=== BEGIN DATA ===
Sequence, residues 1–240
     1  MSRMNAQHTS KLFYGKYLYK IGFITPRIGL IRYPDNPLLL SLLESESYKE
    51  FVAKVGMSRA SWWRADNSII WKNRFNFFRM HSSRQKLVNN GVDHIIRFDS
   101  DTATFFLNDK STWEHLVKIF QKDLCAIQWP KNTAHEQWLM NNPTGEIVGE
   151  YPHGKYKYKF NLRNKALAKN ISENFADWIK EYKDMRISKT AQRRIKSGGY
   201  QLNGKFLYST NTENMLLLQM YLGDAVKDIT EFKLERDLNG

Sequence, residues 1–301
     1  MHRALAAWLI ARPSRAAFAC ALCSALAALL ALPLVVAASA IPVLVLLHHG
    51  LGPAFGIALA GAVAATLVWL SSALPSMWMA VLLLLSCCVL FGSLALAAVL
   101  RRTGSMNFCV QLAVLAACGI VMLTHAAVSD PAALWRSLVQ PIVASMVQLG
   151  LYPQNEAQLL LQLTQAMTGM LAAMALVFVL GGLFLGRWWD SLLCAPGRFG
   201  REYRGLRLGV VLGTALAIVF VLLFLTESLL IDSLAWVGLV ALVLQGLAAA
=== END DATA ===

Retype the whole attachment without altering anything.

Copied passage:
Sequence, residues 1–240
     1  MSRMNAQHTS KLFYGKYLYK IGFITPRIGL IRYPDNPLLL SLLESESYKE
    51  FVAKVGMSRA SWWRADNSII WKNRFNFFRM HSSRQKLVNN GVDHIIRFDS
   101  DTATFFLNDK STWEHLVKIF QKDLCAIQWP KNTAHEQWLM NNPTGEIVGE
   151  YPHGKYKYKF NLRNKALAKN ISENFADWIK EYKDMRISKT AQRRIKSGGY
   201  QLNGKFLYST NTENMLLLQM YLGDAVKDIT EFKLERDLNG

Sequence, residues 1–301
     1  MHRALAAWLI ARPSRAAFAC ALCSALAALL ALPLVVAASA IPVLVLLHHG
    51  LGPAFGIALA GAVAATLVWL SSALPSMWMA VLLLLSCCVL FGSLALAAVL
   101  RRTGSMNFCV QLAVLAACGI VMLTHAAVSD PAALWRSLVQ PIVASMVQLG
   151  LYPQNEAQLL LQLTQAMTGM LAAMALVFVL GGLFLGRWWD SLLCAPGRFG
   201  REYRGLRLGV VLGTALAIVF VLLFLTESLL IDSLAWVGLV ALVLQGLAAA